Sandy, I just saw your note - and it has been some time since you entered it - so I don't know if you are still following this. First, my thoughts and prayers are with you. This must be one of the most difficult times of your life.
I was the primary caretaker for my father in 1991, my only sister in 2002, and my mother in 2003. Each of them lived about two years after being diagnosed as terminal. Each of them faced their diagnosis with such grace and courage, but only my father conversed with me about it a lot. My sister talked about it at times, and my mother almost not at all. So, in retrospect, I learned that every patient will deal with it differently, and a caretaker would be doing a loving service to the patient to listen carefully and let it be OKAY, to talk or not to talk. They will let you know what they prefer. And if they ask you hard questions, try to be honest and genuine, but loving, in how you answer.
During each of those very sad and frustrating terminal illnesses, I experienced what you explain as anticipatory grief. At times, it settled on me like a very heavy, dark cloud - and because I am normally a very optimistic, take charge, upbeat person, it frightened me that I was falling into sad, muddled, futile spells. At times, I awoke from a deep sleep, sat up in bed in a panic, knowing I was losing them and there was not a damned thing I could do to change it. At times I kind of hyperventilated and felt like I could not breathe, because I was so afraid. In retrospect, I think I was suffering from depression, but I never put that name on it at the time. I worked through it by making it a priority to bring something cheerful or beautiful into our lives (mine and my patient's) every day - sometimes it was beautiful music, sometimes a bouquet, sometimes just spending time sitting in the room with them and talking about their childhood or something to make them smile.
I almost forgot to take care of myself. I lost my appetite, and meals were no longer a celebration, but something I rushed through because I was rushing through everything. Once I was so stressed when both my mother and my sister were in the same hospital - with no positive news on either of them - I checked myself into the ER, certain I was having a heart attack. (I was a 51 year old woman in excellent health.) The doctors checked me for 4 hours and said I was in perfect health but experiencing a panic attack. So, my advice to you is: remember that you are important to your loved one and you need to keep yourself healthy for them - and recognize that you are only human, you are doing your best, and you MUST care for yourself now, not "sometime in the future when the situation changes.". Find a way to calm your life for a few minutes each day: meditation, yoga, nature walks, whatever you love. Eat healthy food and drink only a little alcohol. And try to sleep at night, even if you are so worried that you have to move your bed into your patient's bedroom so you feel like you will be there, if needed, but you can also get some rest.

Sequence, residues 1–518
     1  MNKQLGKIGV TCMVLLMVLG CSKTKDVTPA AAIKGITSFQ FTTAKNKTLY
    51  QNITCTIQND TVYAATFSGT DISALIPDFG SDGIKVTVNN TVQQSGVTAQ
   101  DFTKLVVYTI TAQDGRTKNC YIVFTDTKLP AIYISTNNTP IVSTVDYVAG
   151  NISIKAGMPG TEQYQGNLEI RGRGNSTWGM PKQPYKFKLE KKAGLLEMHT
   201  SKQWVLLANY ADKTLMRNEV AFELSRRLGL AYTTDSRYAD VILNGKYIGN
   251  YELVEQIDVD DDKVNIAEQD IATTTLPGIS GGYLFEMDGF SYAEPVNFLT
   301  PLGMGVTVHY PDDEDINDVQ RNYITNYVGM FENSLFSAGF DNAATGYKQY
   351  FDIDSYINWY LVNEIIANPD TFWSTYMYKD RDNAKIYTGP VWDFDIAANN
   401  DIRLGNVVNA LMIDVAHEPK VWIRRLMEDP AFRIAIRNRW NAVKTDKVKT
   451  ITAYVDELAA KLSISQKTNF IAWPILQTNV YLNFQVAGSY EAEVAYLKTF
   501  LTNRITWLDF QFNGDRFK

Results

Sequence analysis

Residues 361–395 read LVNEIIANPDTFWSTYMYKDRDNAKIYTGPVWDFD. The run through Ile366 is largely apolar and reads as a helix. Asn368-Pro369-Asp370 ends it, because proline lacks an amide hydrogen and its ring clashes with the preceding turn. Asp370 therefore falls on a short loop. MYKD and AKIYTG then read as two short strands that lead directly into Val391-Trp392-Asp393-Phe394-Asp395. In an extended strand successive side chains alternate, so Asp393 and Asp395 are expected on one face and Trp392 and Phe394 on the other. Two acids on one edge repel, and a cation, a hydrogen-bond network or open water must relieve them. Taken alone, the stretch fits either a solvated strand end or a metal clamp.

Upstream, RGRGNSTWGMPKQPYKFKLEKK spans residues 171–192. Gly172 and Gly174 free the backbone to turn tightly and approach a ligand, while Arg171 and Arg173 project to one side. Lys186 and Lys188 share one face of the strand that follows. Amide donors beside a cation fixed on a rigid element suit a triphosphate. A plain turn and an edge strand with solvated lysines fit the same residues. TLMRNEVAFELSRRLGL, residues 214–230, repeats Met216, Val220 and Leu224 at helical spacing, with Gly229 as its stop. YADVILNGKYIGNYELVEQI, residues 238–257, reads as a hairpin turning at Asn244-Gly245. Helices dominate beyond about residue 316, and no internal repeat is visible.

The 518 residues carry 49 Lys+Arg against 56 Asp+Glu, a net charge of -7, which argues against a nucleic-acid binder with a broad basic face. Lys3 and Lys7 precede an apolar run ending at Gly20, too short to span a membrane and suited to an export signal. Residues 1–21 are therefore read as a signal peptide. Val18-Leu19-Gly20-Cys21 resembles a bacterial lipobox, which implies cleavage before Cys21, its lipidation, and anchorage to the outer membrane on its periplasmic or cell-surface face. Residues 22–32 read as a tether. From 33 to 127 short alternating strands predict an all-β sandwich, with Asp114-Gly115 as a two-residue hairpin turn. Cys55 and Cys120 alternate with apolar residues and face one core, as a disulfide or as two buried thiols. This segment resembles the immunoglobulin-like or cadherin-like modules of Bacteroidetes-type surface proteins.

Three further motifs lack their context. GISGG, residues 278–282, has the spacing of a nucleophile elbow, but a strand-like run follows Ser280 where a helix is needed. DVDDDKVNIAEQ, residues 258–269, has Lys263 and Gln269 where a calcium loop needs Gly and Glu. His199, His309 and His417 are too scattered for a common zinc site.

You should know that, this too shall pass. You don't want to think about that now - because it means the terminal illness will be over. But, just put the thought in the back of your mind that life does move on, humans do recuperate, and there will be blue skies again some day. It will keep you from thinking all is lost.
Two things happened to me after each of the illnesses were over: 1) I wished I could talk with them again, hear their voice. I feared I would forget too many things about them. This makes it all the more important to talk with them, hear stories about who they were in their younger years, tell them how much you love them and what a gift they have been to you. 2) I carried my grief with me everywhere immediately after my loss. Finally, I told myself that, each time I remembered them, instead of starting to cry, I'd force myself to remember something wonderful about them, or a joke they had told, or some really sweet, outrageous thing they had done - and smile about it. It was difficult to do this at first, but once I got it going, it helped me immensely.
Finally, know that there are people in your life who care and truly want to help you. They may not know exactly how to help, and they may feel awkward talking to you about what you are going through. But, when someone says, "I am so sorry for what you are going through. How can I help?" believe they mean it - and think of something they can do that would lighten your load or light up the life of your loved one.
Best wishes. We are all thinking and praying for you.